Regulator promises “flexibility” on compliance and licences during coronavirus


The Oil & Gas Authority has said it is working with the industry during the covid-19 outbreak to safeguard energy supply and jobs.

In a message to the industry, the OGA’s chief executive, Andy Samuel, promised “a pragmatic approach to compliance” and a “flexible approach” on amendments to the timelines of licences.

The coronavirus pandemic, along with a significant fall in oil prices, “had hit the UK oil and gas industry hard”, Dr Samuel said.

“The scale of the challenge is considerable, and the efforts of all parties are fixed on successfully navigating through this unprecedented period of uncertainty.”

The OGA issues and regulates exploration and production licences to oil and gas companies. Onshore licences, known as PEDLs, include work programmes which must be met by key deadlines.

The work programmes agreed for the most recent licences, issued in 2015, required companies to drill a total of 97 wells and frack 12 of them by July 2021. So far, only five planning applications have been submitted in these PEDLs, by three companies.

Some of the 2015 PEDLs have already had deadlines extended. A freedom of information request revealed that the time limit for drilling had been changed in PEDL257 in Surrey, PEDL260 in Cumbria and PEDL339 in Lincolnshire.

DrillOrDrop asked the OGA for more detail about how its approach would change with covid 19.

A spokesperson said the regulator recognised the pressures on the industry from low commodity prices and “operational issues with personnel and critical infrastructure”:

“what the OGA is seeking to do under the current circumstances is be as flexible as possible with operators, working with them to understand their needs and concerns, and to consider how best we can be sensible and realistic when dealing with compliance and licensing matters.”

Update: Correction of number of planning applications and company applicants. Applications have been submitted for sites at Marsh Lane,  Harthill and Woodsetts (all Ineos), Arreton (UKOG) and Puddletown (South West Energy)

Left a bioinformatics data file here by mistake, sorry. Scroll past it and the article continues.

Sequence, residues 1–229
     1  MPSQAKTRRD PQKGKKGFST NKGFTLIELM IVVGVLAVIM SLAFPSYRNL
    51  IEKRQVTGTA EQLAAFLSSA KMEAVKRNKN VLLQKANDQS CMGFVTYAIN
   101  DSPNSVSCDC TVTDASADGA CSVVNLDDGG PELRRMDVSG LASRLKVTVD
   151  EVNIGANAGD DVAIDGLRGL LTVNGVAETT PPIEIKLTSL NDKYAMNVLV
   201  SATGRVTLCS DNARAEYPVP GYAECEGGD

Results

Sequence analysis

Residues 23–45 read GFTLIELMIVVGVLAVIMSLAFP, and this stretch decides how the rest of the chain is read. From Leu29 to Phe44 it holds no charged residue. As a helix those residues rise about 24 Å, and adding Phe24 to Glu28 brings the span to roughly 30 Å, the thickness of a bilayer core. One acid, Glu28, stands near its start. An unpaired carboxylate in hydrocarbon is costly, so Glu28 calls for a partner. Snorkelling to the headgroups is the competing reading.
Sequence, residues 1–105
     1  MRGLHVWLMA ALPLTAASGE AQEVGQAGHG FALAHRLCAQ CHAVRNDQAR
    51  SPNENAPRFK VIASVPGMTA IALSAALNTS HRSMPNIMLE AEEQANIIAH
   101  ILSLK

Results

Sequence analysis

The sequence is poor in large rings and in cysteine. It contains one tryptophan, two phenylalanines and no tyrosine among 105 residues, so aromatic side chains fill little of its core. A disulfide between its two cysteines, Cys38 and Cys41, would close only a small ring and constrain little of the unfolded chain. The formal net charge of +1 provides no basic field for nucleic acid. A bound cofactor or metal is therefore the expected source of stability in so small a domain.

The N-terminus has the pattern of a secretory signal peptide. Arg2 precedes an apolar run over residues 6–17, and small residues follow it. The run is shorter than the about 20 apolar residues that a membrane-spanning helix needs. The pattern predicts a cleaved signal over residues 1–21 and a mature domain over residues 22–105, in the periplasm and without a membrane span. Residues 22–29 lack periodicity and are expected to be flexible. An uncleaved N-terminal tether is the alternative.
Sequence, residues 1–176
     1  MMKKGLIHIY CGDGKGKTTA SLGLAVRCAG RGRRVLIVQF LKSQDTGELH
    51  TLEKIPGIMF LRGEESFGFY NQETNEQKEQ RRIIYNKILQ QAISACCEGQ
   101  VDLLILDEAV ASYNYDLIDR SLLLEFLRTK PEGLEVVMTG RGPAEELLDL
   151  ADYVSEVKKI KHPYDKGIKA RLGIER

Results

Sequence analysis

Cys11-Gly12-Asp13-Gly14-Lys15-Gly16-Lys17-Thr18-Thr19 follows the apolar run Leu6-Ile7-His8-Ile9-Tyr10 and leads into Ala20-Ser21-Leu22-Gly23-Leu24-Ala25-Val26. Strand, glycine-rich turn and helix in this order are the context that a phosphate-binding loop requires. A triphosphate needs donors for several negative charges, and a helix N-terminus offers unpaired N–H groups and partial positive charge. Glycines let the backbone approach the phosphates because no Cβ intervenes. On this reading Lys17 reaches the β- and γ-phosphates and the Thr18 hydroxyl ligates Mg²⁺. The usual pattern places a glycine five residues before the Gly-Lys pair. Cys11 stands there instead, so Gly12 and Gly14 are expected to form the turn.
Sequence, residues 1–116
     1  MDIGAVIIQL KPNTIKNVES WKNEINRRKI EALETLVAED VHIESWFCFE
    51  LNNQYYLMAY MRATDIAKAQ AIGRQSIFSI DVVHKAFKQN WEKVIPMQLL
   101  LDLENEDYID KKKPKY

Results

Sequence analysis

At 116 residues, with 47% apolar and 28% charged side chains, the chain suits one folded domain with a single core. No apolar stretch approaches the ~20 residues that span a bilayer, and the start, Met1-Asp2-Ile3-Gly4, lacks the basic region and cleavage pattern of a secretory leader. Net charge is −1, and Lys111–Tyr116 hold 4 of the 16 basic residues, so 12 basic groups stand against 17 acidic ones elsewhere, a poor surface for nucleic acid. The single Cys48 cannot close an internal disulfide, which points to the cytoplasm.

3 replies »

  1. One trusts that any ‘flexibility’ will not increase the risks to the O & G workers or to the public, from both the coronavirus itself and operations on site and throughout the supply chain, and that their continued compliance to the alleged Gold, World class standards will be monitored. Given the parlous numbers of staff at the EA and other government agencies, exacerbated by coronavirus, it would be no surprise that the flexibility did indeed include a relaxation of standards.
    One trusts! Trust is not something one associates with this government, nor in fact the previous governments since unconventional explorations started.

    • Malcolm

      While the OGA deals with licensing, I see no flexibility in the approach from the HSEx ( increase risk to workers ) or the EA ( risk to the public ).

  2. Well, as the unconventional explorations are already excluded from activity, and the conventional ones have an extremely good track record, the EA and other agencies can probably allocate some of their spare resources to sectors of the economy that carry a worse track record and are a long way short of the track record of the UK on shore oil and gas industry-who, seem to have produced such high standards even without adequate oversight.

    Traffic wardens also seem to have disappeared, for the time being. Wonder if that will cause mayhem?

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